Assets: Badul back in court

2011-04-07 00:00

AN advocate representing former police director Hariram Badul has submitted that the National Director of Public Prosecutions (NDPP) acted in bad faith and abused the process of court by restraining Badul’s government pension fund last August.

The NDPP agreed to release the pension back to Badul on November 22, after he had applied for it to be excluded from the restraint order on the basis that pension monies cannot be attached in law, and that he had no other means of support.

Advocate Rob Seggie SC submitted yesterday that when the NDPP obtained the order, the state well knew that no court would be able to order the attachment of a pension fund, and should be ordered to pay costs.

These questions and other issues are to be decided soon by acting Pietermaritzburg high court Judge Kobus Booyens, who yesterday reserved judgment on an application by the NDPP seeking to confirm a restraint order over assets belonging to Badul, his wife Monica and four of Badul’s co-accused — Suresh Naraindath, Yunus Khan, Bhekuyise Patrick Nkabini and Sigamoney Pillay — and their respective spouses.

This would mean that if convicted of any of the 128 counts of racketeering, fraud, corruption, theft and money laundering pending against them, the state could apply for an order confiscating all or at least some of the property in question, to whatever value they are found to have benefited from their crimes.

The state initially obtained an order to restrain Badul’s entire government pension, along with his R1,2 million home in Coronet Place and other assets, as well as the assets of his co-accused.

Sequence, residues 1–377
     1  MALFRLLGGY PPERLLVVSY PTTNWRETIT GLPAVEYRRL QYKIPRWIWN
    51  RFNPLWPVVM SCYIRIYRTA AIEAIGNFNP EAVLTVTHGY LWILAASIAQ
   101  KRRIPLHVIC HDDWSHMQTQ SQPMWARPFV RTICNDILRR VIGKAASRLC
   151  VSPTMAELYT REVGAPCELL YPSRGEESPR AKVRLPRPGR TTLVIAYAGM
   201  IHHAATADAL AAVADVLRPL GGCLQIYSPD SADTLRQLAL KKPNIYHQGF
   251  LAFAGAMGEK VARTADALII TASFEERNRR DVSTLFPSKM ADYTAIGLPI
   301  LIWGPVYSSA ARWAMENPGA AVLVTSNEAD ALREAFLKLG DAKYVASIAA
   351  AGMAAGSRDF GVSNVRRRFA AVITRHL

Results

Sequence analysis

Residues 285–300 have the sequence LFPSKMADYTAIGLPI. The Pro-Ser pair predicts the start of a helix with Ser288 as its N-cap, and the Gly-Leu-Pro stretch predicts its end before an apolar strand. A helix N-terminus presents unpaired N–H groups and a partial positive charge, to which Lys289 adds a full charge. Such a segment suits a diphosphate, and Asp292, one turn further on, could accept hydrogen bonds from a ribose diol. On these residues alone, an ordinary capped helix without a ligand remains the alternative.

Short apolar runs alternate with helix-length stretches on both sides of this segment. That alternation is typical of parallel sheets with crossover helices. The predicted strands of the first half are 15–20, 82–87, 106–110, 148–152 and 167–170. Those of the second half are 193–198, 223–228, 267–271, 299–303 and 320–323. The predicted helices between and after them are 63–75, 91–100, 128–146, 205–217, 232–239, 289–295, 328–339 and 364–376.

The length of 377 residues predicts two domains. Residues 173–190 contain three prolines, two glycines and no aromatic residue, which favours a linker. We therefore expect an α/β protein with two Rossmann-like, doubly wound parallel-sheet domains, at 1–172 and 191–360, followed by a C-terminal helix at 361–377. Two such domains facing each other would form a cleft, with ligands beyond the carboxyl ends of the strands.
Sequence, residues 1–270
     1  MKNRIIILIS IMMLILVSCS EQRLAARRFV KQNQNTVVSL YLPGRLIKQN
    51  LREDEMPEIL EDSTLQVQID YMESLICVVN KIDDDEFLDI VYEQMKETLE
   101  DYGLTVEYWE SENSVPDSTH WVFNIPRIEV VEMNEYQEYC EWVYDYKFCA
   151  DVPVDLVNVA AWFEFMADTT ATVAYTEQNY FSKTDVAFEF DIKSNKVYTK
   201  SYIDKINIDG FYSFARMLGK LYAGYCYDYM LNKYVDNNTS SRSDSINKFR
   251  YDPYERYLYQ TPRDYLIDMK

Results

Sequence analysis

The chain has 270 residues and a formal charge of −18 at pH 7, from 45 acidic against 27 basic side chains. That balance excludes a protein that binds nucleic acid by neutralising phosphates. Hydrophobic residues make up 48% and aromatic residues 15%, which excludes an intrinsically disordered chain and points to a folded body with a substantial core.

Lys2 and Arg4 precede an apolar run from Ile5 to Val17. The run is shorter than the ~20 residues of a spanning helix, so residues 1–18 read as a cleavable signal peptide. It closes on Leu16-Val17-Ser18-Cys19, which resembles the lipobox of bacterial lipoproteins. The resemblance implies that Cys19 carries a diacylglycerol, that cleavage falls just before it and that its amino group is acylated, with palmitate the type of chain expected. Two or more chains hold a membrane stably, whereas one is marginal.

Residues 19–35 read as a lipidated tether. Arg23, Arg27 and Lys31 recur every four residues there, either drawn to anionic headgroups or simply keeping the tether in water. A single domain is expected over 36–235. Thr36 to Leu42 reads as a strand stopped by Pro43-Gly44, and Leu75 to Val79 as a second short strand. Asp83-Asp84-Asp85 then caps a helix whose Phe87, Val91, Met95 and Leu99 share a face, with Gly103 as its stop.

Only Badul and his ex-wife, Monica, opposed the court order, resulting in Badul winning back his pension. In addition — as a result of the revelation that the couple had divorced on July 8, last year, (before Badul’s assets were seized) — Monica Badul also won back her share of the Mountain Rise property and the proceeds of a fixed deposit investment account with Nedbank.

The NDPP, however, maintains the state is still entitled to restrain Badul’s half share of the property, even though it is alleged that he had ceded that to his ex-wife as well, in lieu of maintenance, in terms of their divorce settlement.

Monica’s advocate, Lawrence Combrink, submitted in argument before the judge that even if Badul is convicted, the house is therefore not a “realisable asset” that can be confiscated, and should therefore not be subject to restraint.

Advocate Mike Govindasamy, SC, for the NDPP argued, however, that this issue is one that ought to be decided in the future if there is an application for confiscation of the assets, and the property should be restrained in the meantime.

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